The answer I came up with was to love them, and to let them know I loved them, and to model good male behavior (well, as good as I could find it in myself to muster) so that they would know a good man when they saw him. The part about loving your daughters and letting them know you love them is important, men (and single mothers, please take note). Daughters want the love of a man, and they need it. And if you don’t give it to them when they are young, they will seek it from other men in relationships and in ways which are not always healthy -- relationships which will not always lead to real love for them, and which often will not lead to them finding that right man to take your place as the main male in their life.

So yesterday my oldest daughter, Jessica, got married. How did she do in finding a man to love, and to love her? In my opinion she did very well. I am convinced that she found the right man, and I am glad for it. I think their love is real, if not complete, and I think their marriage will last. And when it does, I also plan to take some of credit for the success of their marriage.

Why do I think their love is real and that it will last? Well first of all, they both already know a lot about love. Her from her mother and me, and him from his parents (there are many others in their respective villages from whom they have experienced love). Second of all, they also know from their parents that romantic love is only part of what it means to love, and that it is not the only, nor maybe even the main ingredient that makes for a successful marriage. Romantic love is really just a small subset of the much bigger thing that love is. Real love in marriage is about sacrifice and commitment. Real love requires forgiving and, sometimes, forgetting. Real love is selfless and God-like.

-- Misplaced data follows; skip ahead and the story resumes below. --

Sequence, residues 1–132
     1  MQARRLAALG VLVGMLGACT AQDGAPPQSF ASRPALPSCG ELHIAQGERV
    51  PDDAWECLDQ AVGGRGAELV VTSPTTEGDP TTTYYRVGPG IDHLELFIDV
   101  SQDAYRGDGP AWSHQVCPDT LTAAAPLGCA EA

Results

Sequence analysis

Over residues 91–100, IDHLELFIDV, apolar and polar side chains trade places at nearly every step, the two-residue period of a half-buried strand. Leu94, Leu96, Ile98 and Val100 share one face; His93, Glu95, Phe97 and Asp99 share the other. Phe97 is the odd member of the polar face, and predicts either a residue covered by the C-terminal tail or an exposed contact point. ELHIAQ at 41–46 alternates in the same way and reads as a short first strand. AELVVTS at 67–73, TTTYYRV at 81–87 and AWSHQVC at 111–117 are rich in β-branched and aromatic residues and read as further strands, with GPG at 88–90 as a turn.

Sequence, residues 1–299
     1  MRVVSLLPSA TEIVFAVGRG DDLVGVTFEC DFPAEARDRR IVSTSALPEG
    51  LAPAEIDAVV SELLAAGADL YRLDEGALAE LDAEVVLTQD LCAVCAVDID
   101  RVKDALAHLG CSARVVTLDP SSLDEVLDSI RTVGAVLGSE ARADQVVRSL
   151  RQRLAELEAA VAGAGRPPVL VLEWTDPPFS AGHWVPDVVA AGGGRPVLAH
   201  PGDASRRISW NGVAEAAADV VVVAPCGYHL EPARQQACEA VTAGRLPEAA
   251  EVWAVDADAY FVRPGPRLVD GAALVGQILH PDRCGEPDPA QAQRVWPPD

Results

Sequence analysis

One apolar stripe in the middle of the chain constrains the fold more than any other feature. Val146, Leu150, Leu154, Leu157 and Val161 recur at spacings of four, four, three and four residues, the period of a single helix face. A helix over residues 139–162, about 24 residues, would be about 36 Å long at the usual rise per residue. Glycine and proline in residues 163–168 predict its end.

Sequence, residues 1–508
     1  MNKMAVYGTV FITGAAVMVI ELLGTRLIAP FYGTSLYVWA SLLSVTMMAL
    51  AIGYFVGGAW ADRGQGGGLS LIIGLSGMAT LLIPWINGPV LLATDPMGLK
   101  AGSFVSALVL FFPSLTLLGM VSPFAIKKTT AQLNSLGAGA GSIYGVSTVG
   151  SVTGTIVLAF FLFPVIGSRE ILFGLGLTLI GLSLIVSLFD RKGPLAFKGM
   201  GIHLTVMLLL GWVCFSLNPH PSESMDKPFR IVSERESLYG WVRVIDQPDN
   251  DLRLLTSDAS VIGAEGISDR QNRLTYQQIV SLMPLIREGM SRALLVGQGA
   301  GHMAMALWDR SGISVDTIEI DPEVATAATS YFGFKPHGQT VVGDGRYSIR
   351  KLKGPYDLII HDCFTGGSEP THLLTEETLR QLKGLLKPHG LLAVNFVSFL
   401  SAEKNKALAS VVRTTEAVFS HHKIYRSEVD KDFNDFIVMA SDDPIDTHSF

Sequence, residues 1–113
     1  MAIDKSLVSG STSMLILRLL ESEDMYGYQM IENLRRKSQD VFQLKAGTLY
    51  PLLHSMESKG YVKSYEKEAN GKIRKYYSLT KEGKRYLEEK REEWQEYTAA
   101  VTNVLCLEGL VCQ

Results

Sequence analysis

Some of the complexities of love the newlyweds have yet to learn (as do I). They started the together part of their learning journey two years ago, and yesterday they committed to continue the love-learning journey together ‘til death do they part, and sans the bride’s father. And this is as it should be; This is how God made it to be. “For this reason a man shall leave his father and mother (and also a woman, in this case, my daughter, shall do the same), and be united to his wife (her husband), and the two shall become one flesh.” Genesis 2:24.

Yesterday, then, was both the end and the beginning. The beginning of a new life and a new love, a love which already had begun and was flourishing. And the end of an era for my daughter and me. But not the end of love. True love never ends. The love a father has for his daughter never ends, just as the love God has for us never ends. This is the nature of love, that, as with being able to completely and fully love more than one child, we are able to love many people and let that love be manifested genuinely, but differently at different times and to different people.